For more information:

  • Read the full Education Sector report here [pdf]
  • Follow Education Sector on Twitter @EducationSector and read tweets related to shared accountability using hashtag #sharedacct 

Cradles to Crayons Donates Leap Pads to City Connects Schools

C2C Volunteer Day
The City Connects team at Cradles 2 Crayons

City Connects believes that all children can learn and thrive in school if their non-school needs are addressed. A critical partner in meeting these needs is Cradles to Crayons, a powerhouse Boston nonprofit that provides, free of charge, disadvantaged children with the essential items that all kids need to flourish. Cradles to Crayons has supported Boston’s children by providing vital items like backpacks filled with supplies at the start of school and hats and coats during the winter.

On June 17, as part of a year-end day of service, City Connects School Site Coordinators and Program Managers spent the day at Cradles to Crayons’ “Giving Factory,” a warehouse in Brighton, where they inspected, sorted, and packaged clothing donations for children. Emily York, City Connects Program Manager, said:

“Cradles to Crayons has been an important partner for City Connects for several years, thanks in part to the hard work of several of our School Site Coordinators, most notably Amy Cluff, Brendan Adams, and Elizabeth Centeio. With their move to the new Giving Factory space in Brighton, our partnership has been strengthened even more.  Since Cradles to Crayons is such an important partner for us, we were excited about the opportunity to spend some time volunteering. We were divided into teams to create bags of clothing items for children of certain ages and genders; it was so much fun!  The staff there are friendly and energetic and we could not have asked for a better day.”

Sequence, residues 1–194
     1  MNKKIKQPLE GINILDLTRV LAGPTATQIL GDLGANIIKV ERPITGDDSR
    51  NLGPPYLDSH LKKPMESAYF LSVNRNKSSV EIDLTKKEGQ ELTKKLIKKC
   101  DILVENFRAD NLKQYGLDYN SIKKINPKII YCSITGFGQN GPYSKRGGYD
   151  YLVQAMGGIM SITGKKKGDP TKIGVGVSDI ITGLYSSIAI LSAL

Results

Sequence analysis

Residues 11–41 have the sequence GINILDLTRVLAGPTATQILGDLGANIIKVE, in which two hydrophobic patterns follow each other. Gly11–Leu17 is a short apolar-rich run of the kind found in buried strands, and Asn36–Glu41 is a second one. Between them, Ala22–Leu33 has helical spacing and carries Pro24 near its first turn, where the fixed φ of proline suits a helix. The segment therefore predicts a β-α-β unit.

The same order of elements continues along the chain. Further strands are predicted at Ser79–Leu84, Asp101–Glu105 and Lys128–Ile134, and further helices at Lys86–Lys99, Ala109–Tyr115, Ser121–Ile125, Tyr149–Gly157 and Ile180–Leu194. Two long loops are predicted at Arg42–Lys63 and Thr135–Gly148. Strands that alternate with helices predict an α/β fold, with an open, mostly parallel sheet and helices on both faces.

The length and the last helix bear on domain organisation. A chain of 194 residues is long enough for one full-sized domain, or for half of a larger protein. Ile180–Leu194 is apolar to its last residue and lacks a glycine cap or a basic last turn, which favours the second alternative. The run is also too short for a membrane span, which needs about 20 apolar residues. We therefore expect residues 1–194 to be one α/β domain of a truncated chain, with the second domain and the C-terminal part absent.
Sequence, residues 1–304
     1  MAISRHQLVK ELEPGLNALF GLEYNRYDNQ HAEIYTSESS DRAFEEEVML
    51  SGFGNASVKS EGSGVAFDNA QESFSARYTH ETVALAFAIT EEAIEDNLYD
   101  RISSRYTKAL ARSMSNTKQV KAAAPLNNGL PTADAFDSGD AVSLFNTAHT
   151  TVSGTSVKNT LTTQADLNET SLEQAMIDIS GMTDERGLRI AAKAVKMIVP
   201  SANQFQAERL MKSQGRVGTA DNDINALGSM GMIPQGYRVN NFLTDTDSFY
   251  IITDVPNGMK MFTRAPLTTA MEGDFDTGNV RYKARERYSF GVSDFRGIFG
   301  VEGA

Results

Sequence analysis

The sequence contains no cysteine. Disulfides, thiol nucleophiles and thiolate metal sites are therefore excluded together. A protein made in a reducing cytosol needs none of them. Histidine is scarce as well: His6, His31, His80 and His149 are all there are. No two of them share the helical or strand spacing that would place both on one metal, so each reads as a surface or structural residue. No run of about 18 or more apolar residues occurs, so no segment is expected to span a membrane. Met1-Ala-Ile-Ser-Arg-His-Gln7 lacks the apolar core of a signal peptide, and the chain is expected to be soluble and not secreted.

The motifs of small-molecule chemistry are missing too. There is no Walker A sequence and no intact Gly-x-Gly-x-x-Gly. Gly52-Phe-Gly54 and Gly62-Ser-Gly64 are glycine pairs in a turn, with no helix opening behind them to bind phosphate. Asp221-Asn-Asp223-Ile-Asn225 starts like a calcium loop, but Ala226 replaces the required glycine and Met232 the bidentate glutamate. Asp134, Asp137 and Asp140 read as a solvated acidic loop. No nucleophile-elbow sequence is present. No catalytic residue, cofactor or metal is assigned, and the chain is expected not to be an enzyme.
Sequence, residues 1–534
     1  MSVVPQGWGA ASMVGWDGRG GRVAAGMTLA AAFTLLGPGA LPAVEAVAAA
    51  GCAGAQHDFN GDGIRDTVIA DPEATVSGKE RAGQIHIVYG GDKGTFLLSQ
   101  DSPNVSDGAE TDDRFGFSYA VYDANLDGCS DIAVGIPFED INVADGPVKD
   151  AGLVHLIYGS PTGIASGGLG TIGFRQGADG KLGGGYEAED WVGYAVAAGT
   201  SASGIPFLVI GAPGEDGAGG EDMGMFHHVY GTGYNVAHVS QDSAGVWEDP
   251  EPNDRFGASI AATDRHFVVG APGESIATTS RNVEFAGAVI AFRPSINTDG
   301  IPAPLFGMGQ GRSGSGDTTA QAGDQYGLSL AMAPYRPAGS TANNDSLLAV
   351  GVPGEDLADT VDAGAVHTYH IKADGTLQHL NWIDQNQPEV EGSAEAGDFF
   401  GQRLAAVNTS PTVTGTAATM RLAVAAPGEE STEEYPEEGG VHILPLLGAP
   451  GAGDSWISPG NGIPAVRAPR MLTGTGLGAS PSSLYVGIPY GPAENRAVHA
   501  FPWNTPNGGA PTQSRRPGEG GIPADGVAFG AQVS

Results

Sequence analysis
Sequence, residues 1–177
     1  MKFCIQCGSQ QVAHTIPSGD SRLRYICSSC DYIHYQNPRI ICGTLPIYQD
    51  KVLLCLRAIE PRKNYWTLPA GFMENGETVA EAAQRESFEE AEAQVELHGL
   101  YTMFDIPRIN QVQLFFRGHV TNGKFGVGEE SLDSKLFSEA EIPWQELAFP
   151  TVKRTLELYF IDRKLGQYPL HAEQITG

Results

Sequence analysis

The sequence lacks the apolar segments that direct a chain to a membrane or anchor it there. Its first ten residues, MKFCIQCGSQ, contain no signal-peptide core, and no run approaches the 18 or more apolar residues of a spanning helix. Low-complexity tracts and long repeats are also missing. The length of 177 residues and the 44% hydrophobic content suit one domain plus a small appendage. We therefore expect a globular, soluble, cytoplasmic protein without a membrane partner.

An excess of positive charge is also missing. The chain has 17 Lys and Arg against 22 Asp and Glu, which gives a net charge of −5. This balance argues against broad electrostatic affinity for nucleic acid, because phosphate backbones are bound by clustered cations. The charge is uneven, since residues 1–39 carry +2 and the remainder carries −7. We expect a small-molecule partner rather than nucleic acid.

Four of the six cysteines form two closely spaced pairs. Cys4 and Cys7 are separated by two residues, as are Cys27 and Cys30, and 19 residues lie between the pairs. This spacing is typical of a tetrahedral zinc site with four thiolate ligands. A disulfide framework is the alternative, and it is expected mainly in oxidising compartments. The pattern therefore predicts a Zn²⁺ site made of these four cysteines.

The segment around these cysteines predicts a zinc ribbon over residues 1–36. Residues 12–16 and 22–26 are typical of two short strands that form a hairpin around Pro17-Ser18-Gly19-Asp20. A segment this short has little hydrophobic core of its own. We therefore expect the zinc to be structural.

Following the volunteer day, Kylee North, Cradles to Crayons’ Manager of Distribution Partnerships, contacted us to let us know about availability of a special donation: 400 Leap Pad learning tablets. Our Program Managers were thrilled and thought the donation would be perfectly suited for students at three City Connects elementary schools in Boston that were closing–the Farragut, Emerson, and Agassiz. In addition to those schools, there were enough Leap Pads to share with six more City Connects schools: Edison, Winship, Jackson Mann, Dever McCormack, Holland, and Mason. Said Kylee:

“Cradles to Crayons is dedicated to serving kids in need. Our vision that one day, every child in need will have the essentials to feel safe, warm, ready to learn, and valued, drives us to partner with different agencies across the state that share in that vision. City Connects is no exception. We know that when we provide children’s items to City Connects, those items go directly to the kids who need them the most in the Boston Public Schools. It’s collaborative partnerships like these that help Cradles to Crayons deepen our impact and further our reach to serve more children in need.”

Emily York says that with Kylee’s help, a more streamlined process has been created allowing School Site Coordinators at every City Connects school to place orders more easily. They can provide families with the items they need with more accuracy and quicker than ever before.

Thank you, Cradles to Crayons, for all the great work you do on behalf of Boston’s children!

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Community Partners Health & Wellness Breakfast: Video Posted

Over on our YouTube channel, we’ve posted video of the speakers’ presentations from our May 11 community breakfast, where the topic was “Creating Dynamic School Partnerships to Increase Health & Wellness of Students.” The 5 videos include:

  • Dr. Mary Walsh, executive director of City Connects, discussing  the critical roles health and fitness play in student success, as well as City Connects data about health and wellness services students receive.
  • Dr. Linda Grant, medical director, Boston Public Schools,  discussing prevention, intervention, and management strategies that schools can and are using to support children.
  • Jill Carter, executive director of health & wellness, Boston Public Schools, discussing initiatives in her department to support health and wellness across all schools in the district.
  • Simon Ho, principal, Josiah Quincy Elementary School, discussing how he implements a comprehensive and coordinated health and wellness program for students at the Quincy.
  • Patrice DiNatale, director of new practice at City Connects, discussing how City Connects integrates health as a core component of student support.